A Solo 401(k) also known as an individual 401(k) can be an excellent retirement plan for a small business owner who doesn’t have employees or who has employees that can be excluded from coverage. Some of the advantages of a Solo 401(k) plan include:
• Low administration fees;
• No annual IRS filing requirements;
• High annual contribution limits; and
• The choice of pre-tax (Traditional) or after-tax (Roth) contributions.
Certain employees can be excluded from participation in an individual 401(k). These include:
• Employees under age 21; and
• Employees who work less than 1,000 hours per year.
Although a Solo 401(k) plan is designed for an individual business owner, it is available to the spouse of the business owner and any shareholder or partner in the business, as well. This retirement plan must be established by the end of the business tax year in order to make a contribution for that year.
Setting up a Solo 401k is easy to do and is available to owners of a Sole Proprietorship, S Corporations, C Corporations, or partnerships. Unlike traditional 401(k)s, there are no complicated discrimination testing requirements or Form 5500 filings.
Contributions to a Solo 401(k) plan are comprised of two parts, employee deferrals and employer profit sharing contributions. The annual maximum employee salary deferral contribution is $19,500. Participants age 50 or older can contribute up to $26,000 annually. In addition to employee deferral contributions, a business can also make profit sharing contributions, increasing the total possible annual contribution to $57,000 for people under the age of 50 and $63,500 for those 50 and older.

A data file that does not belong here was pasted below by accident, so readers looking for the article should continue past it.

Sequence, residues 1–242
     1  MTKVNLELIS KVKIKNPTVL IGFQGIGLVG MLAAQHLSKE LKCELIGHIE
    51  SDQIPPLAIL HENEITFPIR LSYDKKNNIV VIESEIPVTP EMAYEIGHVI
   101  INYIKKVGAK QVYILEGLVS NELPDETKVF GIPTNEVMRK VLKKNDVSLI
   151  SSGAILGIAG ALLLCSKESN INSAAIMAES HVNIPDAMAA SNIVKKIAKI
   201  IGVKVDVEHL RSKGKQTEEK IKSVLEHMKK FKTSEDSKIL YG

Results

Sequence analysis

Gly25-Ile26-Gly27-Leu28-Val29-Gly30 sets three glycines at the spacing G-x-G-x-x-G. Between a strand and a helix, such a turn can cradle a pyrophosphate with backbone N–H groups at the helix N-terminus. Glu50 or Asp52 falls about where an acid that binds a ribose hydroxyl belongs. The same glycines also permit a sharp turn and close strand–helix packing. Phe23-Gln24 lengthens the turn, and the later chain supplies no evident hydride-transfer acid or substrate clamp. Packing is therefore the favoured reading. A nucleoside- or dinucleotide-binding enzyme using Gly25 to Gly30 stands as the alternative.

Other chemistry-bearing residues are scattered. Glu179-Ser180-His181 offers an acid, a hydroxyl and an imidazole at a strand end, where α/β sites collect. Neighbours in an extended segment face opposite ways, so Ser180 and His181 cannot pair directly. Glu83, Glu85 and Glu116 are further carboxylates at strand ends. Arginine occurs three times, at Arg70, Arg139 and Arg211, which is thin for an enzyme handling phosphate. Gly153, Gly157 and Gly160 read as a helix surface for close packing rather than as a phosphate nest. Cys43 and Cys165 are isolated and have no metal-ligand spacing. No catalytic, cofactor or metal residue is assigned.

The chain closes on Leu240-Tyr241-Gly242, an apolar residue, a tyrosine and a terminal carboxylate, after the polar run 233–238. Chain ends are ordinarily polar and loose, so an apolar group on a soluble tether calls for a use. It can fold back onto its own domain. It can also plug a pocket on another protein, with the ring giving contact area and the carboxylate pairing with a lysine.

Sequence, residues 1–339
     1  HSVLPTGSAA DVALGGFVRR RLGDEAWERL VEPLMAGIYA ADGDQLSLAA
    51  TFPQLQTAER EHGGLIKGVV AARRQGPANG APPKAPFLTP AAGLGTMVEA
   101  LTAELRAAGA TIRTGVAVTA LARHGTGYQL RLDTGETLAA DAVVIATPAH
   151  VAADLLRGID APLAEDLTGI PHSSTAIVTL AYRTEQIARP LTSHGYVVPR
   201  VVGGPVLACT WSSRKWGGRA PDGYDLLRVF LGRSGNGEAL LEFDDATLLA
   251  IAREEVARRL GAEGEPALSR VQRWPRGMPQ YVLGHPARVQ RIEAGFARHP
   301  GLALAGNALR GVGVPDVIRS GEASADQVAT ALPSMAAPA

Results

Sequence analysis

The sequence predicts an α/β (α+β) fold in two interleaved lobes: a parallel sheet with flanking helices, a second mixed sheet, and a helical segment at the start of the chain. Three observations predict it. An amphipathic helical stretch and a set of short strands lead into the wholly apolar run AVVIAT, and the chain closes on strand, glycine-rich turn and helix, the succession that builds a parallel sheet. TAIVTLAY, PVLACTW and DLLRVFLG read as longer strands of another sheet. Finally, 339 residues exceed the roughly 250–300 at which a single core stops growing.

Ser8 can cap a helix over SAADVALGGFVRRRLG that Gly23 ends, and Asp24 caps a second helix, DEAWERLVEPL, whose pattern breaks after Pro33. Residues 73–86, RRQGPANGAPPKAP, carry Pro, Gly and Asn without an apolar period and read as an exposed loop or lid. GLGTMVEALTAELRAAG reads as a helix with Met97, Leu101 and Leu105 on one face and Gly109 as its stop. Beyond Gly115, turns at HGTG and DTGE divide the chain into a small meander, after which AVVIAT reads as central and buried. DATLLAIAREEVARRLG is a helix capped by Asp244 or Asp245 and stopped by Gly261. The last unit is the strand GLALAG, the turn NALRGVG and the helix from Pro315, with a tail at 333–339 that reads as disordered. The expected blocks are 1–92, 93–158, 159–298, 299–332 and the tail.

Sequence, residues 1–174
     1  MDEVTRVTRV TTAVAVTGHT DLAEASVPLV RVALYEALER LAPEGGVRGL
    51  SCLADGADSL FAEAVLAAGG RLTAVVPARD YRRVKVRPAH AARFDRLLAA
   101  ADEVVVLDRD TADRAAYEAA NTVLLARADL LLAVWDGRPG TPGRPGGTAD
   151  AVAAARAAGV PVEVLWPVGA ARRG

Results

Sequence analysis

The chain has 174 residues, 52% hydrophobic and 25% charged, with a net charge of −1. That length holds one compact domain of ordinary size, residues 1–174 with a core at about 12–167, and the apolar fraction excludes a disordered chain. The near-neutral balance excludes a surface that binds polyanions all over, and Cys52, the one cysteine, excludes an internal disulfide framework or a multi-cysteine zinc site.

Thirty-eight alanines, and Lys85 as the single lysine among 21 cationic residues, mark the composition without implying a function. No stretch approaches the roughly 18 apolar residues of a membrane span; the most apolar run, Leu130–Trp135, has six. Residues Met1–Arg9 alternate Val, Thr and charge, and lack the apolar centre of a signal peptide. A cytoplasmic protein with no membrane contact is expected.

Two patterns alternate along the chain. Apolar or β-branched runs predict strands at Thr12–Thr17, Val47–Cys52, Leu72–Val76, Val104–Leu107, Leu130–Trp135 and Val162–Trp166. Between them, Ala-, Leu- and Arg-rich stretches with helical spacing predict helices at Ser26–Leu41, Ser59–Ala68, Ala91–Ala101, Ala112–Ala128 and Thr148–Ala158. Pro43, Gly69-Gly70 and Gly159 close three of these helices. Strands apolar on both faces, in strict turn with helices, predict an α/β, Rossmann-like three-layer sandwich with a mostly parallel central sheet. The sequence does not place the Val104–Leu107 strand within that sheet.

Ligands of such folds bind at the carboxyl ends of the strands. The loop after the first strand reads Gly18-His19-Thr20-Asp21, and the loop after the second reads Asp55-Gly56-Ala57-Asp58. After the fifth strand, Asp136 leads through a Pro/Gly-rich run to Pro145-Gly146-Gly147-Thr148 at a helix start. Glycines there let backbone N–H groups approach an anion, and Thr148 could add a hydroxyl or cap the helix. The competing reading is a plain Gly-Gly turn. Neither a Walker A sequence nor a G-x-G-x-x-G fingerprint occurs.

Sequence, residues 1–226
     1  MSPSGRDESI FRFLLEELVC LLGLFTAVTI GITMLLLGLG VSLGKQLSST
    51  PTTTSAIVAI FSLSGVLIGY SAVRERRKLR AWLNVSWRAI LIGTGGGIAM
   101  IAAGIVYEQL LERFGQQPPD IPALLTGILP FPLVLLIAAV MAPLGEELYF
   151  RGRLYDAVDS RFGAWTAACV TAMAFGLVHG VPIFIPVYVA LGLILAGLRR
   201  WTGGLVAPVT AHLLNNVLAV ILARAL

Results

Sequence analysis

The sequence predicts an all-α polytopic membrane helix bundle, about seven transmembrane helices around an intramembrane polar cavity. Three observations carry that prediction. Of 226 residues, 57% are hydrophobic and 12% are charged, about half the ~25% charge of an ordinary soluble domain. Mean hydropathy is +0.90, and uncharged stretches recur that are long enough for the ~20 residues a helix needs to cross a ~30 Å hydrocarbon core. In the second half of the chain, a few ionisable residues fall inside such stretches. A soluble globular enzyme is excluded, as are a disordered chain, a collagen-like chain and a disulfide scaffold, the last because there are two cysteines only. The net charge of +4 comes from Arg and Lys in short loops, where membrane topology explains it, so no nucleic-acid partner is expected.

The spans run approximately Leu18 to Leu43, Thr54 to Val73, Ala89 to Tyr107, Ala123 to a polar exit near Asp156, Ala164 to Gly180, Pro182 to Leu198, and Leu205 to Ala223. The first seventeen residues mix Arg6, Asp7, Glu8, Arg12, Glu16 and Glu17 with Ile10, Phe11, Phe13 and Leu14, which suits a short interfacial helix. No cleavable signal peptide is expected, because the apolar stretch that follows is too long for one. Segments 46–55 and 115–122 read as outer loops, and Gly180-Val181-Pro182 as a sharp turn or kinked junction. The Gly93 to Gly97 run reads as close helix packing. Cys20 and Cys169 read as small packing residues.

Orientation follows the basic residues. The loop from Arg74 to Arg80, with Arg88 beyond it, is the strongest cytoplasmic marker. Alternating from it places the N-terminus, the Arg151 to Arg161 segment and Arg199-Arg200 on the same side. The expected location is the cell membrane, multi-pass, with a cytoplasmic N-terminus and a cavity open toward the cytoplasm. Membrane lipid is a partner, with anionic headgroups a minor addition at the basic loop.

A SEP IRA is another attractive retirement plan for the small business owners. Unlike the Solo 401(k), you have up until your tax filing deadline the following year to setup this plan. A Solo 401(k), however, may allow you to contribute more money.
When setting up a Solo 401(k) plan, there are some important decisions that you have to make. The most important decision is how to invest the contributions. Another is how much of the employee deferral to make pre-tax and how much to contribute post-tax (Roth). Consulting with a fee-only, Registered Investment Advisor is one of the best ways to make these decisions wisely. — Chris Nolt, WLJ correspondent
(Chris Nolt is the owner of Solid Rock Wealth Management, Inc. and works with families who are selling a farm or ranch and transitioning into retirement. For more information, call 800-517-1031 or visit: www.solidrockwealth.com.)